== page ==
'Size does matter' bellows the Great (or at least Thick) American Novel. 'Small but perfectly formed' squeaks its scrawny English counterpart, in vain. Feted US fiction of the forest-guzzling kind has started to thump heavily into these shores again. Last year, Thomas Pynchon's Mason & Dixon confirmed that some like it fat; 1998 opened with a critical swoon beneath the bulk of Don DeLillo's overweight Underworld. Later this spring, British fans of the big boys can watch the excellent Russell Banks - until now a master at enclosing infinite riches in a little room - break the 700- page barrier with his Civil War epic Cloudsplitter (or should that be Toecrusher?).

Fictional obesity survives as the only kind Americans can tolerate. So it came as a surprise when the 1997 Pulitzer Prize went not only to a shortish novel, but one that deals explicitly with 'a yearning for the exhaustive, which was the secret malady of the age'. Steven Millhauser's compact fable Martin Dressler: the tale of an American dreamer has now crossed the ocean (Phoenix House, pounds 12.99). Its triumph in the home of the Whopper should hearten all writers who mind the quality before they feel the width.

Ornate in its language but austere in its form, Martin Dressler traces the spectacular rise and fall of a vaultingly ambitious hotelier in New York at the last fin-de-siecle. As the tawdry Gilded Age unfolds, cold young Martin progresses from his father's cigar shop via a chain of lunchrooms to a succession of sumptuous steel-framed palaces, each a self-sufficient world unto itself.

Hubris, of course, climaxes in nemesis. With its 30 floors of themed environments above the ground and 13 more below (from a bosky labyrinth to a New England village), his 'Grand Cosmo' repels the public in its suffocating totality. First the boss has to hire actors to play the absent customers; later, to play himself. Finally, Dressler exits from his virtual universe, strolls into the real city and begins to re-invent himself.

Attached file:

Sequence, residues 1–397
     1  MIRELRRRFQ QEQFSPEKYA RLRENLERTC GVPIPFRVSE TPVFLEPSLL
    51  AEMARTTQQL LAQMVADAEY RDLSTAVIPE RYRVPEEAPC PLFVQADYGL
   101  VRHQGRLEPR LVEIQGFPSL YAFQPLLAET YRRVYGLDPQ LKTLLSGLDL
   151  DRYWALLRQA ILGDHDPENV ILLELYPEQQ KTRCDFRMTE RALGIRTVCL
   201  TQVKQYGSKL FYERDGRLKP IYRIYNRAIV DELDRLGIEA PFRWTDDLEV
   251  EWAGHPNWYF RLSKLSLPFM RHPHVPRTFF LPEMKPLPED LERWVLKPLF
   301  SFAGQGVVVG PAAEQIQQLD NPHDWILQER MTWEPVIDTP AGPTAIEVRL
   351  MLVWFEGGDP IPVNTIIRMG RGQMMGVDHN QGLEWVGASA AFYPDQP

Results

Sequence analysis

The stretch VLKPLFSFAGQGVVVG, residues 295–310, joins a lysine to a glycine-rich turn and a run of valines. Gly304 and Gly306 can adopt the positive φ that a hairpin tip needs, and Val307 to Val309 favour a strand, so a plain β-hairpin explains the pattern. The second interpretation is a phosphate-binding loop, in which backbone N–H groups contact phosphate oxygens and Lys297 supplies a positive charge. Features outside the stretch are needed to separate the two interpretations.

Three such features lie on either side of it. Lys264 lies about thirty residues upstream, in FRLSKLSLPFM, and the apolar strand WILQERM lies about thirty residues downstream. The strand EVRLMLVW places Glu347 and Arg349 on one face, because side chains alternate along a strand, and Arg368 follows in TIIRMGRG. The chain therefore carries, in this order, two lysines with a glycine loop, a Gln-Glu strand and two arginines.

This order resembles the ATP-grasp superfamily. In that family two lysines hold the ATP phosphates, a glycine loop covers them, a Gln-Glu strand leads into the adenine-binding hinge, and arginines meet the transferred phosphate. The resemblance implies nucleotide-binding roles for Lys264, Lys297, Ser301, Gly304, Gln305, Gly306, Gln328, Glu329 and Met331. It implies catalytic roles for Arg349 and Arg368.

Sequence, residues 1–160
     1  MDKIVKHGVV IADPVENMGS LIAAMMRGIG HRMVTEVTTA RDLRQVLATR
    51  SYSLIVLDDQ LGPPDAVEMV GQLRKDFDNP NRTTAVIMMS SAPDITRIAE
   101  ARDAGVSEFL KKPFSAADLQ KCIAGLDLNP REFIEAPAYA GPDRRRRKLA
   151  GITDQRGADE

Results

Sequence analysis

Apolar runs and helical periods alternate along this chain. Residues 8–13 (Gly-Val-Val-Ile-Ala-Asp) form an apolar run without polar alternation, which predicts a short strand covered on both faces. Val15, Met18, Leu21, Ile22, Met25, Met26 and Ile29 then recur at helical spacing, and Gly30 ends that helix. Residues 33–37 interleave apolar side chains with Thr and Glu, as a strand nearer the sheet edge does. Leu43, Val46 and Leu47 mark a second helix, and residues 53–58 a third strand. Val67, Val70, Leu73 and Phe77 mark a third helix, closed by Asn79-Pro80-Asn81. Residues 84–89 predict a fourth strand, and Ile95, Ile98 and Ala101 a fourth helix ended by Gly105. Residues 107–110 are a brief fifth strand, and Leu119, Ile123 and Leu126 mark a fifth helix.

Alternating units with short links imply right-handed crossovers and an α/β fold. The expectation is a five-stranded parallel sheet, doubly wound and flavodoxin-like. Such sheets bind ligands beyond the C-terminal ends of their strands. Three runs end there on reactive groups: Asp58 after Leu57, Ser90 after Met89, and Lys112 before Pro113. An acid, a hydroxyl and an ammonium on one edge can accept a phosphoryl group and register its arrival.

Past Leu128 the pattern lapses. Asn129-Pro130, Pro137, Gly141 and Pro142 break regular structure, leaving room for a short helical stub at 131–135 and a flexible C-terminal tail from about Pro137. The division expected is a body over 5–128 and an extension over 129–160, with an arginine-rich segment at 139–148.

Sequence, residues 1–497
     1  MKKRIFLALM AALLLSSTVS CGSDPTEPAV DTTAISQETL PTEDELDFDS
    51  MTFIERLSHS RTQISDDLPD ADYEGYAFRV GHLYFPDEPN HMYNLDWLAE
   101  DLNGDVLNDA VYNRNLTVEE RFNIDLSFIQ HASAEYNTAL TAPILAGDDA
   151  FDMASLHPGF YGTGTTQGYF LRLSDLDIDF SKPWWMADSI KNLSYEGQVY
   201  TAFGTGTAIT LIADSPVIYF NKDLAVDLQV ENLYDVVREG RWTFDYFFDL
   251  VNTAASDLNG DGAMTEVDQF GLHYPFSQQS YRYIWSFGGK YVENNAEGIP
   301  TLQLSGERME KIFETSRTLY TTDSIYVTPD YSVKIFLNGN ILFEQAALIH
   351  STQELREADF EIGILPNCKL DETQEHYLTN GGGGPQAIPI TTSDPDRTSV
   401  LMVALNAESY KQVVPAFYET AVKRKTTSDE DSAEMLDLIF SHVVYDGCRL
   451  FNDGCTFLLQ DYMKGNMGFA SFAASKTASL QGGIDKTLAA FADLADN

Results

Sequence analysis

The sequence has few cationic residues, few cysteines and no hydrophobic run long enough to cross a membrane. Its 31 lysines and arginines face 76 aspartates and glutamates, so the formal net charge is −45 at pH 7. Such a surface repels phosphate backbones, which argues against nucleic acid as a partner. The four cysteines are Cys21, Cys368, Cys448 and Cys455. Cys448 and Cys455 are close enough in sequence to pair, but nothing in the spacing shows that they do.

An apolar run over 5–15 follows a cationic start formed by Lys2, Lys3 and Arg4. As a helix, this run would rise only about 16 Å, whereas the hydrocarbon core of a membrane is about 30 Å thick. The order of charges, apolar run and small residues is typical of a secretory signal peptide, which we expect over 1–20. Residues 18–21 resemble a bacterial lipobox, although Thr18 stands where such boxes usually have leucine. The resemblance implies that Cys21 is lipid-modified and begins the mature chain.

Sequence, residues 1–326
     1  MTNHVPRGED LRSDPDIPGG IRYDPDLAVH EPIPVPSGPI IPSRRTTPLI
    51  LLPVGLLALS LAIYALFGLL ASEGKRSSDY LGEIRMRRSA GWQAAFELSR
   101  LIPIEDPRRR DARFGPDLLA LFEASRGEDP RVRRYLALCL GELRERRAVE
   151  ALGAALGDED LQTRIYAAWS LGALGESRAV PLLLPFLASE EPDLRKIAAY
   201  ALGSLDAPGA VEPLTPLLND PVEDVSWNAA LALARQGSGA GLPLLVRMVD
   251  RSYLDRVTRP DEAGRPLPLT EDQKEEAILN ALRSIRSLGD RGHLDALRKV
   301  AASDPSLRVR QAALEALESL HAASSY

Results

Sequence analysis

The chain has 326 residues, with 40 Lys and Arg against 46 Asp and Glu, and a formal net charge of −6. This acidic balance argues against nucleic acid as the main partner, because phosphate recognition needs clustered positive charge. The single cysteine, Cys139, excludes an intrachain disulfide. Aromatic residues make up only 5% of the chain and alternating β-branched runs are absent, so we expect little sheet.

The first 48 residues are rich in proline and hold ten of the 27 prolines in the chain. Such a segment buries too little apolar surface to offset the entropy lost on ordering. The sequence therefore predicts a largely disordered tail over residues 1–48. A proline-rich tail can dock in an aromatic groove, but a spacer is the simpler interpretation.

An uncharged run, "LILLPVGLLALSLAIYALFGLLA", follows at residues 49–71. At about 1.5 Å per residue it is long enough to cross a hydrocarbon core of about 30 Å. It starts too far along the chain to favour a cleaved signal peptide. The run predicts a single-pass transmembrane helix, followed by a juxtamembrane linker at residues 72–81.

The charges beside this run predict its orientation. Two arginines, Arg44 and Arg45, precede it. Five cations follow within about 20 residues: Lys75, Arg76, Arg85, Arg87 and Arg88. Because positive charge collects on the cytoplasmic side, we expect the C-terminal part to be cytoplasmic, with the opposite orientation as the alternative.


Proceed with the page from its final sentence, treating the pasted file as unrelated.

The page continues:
His grandiose hotels do heavy allegorical work in the way that pompous buildings always have since the Tower of Babel itself rose and fell in Genesis. As in all such stories, Millhauser's unmasking of megalomaniac fantasy has its roots in theology. The master-builder blasphemes by daring to create a universe over again. Suitably enough, this cool exposure of the need and greed behind American excess takes shape in the lapidary prose of modern European, rather than US, literature. Seekers after a rackety period yarn of booming Broadway may feel frustrated. They should try Caleb Carr instead (see page 15).

Millhauser's critique of the urge to Build It Big also fixes on the postmodern passion to Make It Fake. Dressler's dreams prefigure those artificial paradises - the gated malls, the covered resorts, the walled theme-parks, the bouncer-patrolled estates - in which so many spend so much time and cash as our own century closes. I write this halfway up an ivory tower in the centre of a complex whose ostentatious scope and splendid isolation might have warmed the hero's frozen heart. Nearby, across the Thames, rises the latest sign of our collective rage to swallow the world and bring it up again in steel or stone. Dressler never planned a Dome, but those who do might spare a few hours for this cautionary tale.